Reggie Tobias, left, and Walter Robinson, members of the security staff at the National Shrine, participated in the March on Washington 50 years ago. (CS photo by Michael Hoyt)
Reggie Tobias, left, and Walter Robinson, members of the security staff at the National Shrine, participated in the March on Washington 50 years ago. (CS photo by Michael Hoyt)
Fifty years ago this month, Reggie Tobias participated in one of the most famous marches in U.S. history - on his bike.

Tobias, who is now 67, is a native Washingtonian and serves as the assistant supervisor for security at the Basilica of the National Shrine of the Immaculate Conception, where he has worked for the past 13 years after a 33-year career with the D.C. Department of Public Works.

Early on the morning of the March on Washington on Aug. 28, 1963, Tobias and his three best friends bicycled down to the Lincoln Memorial. "We knew what was happening in the South... We went to see what was going on. We were curious. When we got there, seeing all those thousands of people, it was amazing, all around the Reflecting Pool, all the way down. It was a sight I'll never forget."

For the 17 year old, venturing there around 8 a.m. not only got them a prime viewing spot. "We went on the right side of the Lincoln Memorial. That's where I met a lot of stars. I met Burt Lancaster, Lena Horne, Sidney Poitier and Harry Belafonte. I shook their hands. Burt Lancaster rubbed my head."

The star-struck teen remembers seeing a lot of nuns in the crowd. From his vantage point, he saw the back of Dr. Martin Luther King Jr.'s head. The youth was transfixed by the civil rights leader's dream of a world, with "black kids and white kids in harmony and peace one day. That's what shook me."

He remembers that after Dr. King's speech, the crowd "stood up and waved like this, side by side." He smiled and remembered his immediate concern at the time: "I had trouble getting my bike out of there!"

Tobias no longer has that bike. At the time of the march, he and his family attended St. Luke Parish in Washington. Now he and his wife of 42 years, Mary, are members of Holy Redeemer Parish in the city. The National Shrine has become his second home. "This is a holy place. It's like another world," he said.

And he said he hopes the message of the March on Washington and Dr. King's dream will be taken to heart by Americans today. "We need to live it, you know."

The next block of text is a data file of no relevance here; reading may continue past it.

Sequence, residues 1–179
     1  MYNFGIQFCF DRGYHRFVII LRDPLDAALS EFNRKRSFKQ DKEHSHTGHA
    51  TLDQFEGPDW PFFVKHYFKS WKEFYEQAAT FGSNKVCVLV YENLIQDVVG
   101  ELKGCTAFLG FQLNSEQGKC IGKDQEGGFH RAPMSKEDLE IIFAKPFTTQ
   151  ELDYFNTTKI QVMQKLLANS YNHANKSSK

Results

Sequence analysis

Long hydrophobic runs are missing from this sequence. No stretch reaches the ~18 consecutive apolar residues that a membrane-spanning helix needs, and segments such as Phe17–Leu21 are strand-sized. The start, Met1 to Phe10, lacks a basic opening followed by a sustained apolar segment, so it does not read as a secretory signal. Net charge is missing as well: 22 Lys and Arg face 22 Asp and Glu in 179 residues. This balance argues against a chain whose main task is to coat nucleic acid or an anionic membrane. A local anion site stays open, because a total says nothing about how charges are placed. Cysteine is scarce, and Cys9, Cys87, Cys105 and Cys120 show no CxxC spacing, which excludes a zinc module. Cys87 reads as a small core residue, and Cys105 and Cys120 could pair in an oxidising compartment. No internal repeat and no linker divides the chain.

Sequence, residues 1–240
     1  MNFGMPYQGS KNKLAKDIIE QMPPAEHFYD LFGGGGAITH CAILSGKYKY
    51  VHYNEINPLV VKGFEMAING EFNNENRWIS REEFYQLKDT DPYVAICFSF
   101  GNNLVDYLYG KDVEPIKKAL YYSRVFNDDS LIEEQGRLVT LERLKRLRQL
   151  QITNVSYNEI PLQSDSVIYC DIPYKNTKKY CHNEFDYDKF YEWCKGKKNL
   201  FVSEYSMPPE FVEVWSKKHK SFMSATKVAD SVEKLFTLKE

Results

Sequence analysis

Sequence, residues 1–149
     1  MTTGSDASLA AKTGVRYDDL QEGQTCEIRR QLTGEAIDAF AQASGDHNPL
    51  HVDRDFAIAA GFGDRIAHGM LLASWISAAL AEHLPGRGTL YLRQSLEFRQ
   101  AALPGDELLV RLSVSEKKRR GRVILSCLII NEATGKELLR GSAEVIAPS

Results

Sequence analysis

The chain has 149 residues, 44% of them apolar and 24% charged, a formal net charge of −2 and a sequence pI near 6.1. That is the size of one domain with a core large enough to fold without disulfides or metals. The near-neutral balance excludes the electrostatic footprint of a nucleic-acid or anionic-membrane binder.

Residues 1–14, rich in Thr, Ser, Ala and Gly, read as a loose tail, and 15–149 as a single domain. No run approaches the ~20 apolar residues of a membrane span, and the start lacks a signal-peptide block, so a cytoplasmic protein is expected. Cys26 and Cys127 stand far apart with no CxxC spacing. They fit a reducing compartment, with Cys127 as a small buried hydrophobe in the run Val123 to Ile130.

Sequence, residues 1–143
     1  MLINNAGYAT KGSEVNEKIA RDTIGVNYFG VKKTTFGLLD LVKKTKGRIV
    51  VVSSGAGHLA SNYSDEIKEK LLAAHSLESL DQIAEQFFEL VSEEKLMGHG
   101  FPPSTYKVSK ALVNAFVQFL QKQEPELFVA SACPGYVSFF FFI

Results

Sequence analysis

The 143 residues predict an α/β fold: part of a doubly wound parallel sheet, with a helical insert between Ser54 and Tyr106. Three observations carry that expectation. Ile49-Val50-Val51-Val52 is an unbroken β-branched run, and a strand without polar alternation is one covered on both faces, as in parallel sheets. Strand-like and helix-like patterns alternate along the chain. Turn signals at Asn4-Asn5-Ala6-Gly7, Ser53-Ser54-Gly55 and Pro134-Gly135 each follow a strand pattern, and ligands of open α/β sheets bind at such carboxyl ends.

'It was my duty'

Walter Robinson has lived a life where he has been faithful to the call of duty - duty to his country, duty to his family and duty to God.

Now 92, he has worked as a security guard at the National Shrine for the past 22 years. He and his late wife, Adell, have four children, four grandchildren and eight great-grandchildren. Over the years, he has worshipped in Baptist and Methodist churches, and now he feels blessed to serve at the shrine. "I'm working because I want to stay active," he said.

On Aug. 28, 1963, he was 42 and working as a medical technician at Army Medical Center - the old Walter Reed Hospital. During World War II, he served as a combat medic with the Buffalo Soldiers Division, the nickname for the 92nd Infantry Division, an all-black unit of soldiers who fought as part of the 5th Army in Italy.

He joined the crowds of people marching together through the city of Washington as part of the March on Washington, and stood among them as they heard Dr. Martin Luther King Jr. deliver his stirring "I Have a Dream" speech from the steps of the Lincoln Memorial.

"They kept coming in," Robinson said of the crowd. "It was my duty to back him (Dr. King) up. It was for freedom, and to update the situation of minorities and underprivileged people."

The march and Dr. King's speech, he said, "touched me because of what I had witnessed, being in the Army. I was drafted. I went in there to fight for freedom."

Now 50 years after that historic march, he said there is still a need "to bring people closer together," so people of different backgrounds can recognize the humanity in each other, and stand together in the effort to provide more jobs and opportunities for the underprivileged in our United States of America.

'I get chills now'

Two years ago, the National Shrine hosted an interfaith prayer service to mark the dedication of the Martin Luther King Jr. Memorial in Washington, and Charles Carroll Sr. felt blessed to be one of the Knights of Columbus serving as volunteer ushers then. In August 1963 as a 15 year old, he had car-pooled with fellow high school students from suburban Maryland to the nation's capital, where they joined the March on Washington and heard Dr. King give his "I Have a Dream" speech."

"I get chills now, thinking about it," he said before the prayer service, as he reflected on the historic event he had witnessed as a teenager.

In a recent interview, Carroll said he still gets chills when he thinks about taking part in the march and hearing Dr. King. He stood along the Reflecting Pool 50 years ago with 15-20 friends from Frederick Douglass High School in Upper Marlboro. "The way he spoke to people of nonviolence is totally different from the way people talk today," said Carroll, who noted how many young people today are caught in the web of violence. And Carroll also noted how tragic it was that Dr. King himself died five years later, the victim of the violence that the Nobel Peace Prize winner so often spoke out against.

Carroll grew up in Holy Family Parish in Mitchellville, Md., and now is a member of another Holy Family Parish, in Dale City, Va. Now 65, he and his wife Beverly have three grown children and five grandchildren. He retired in 2009 after working as a mechanical engineer for the Arlington County government.

The National Shrine usher said that Dr. King was a man of God. "Faith is what kept him in the direction he was going," he said, and it was that faith that moved Dr. King to believe "we shall overcome."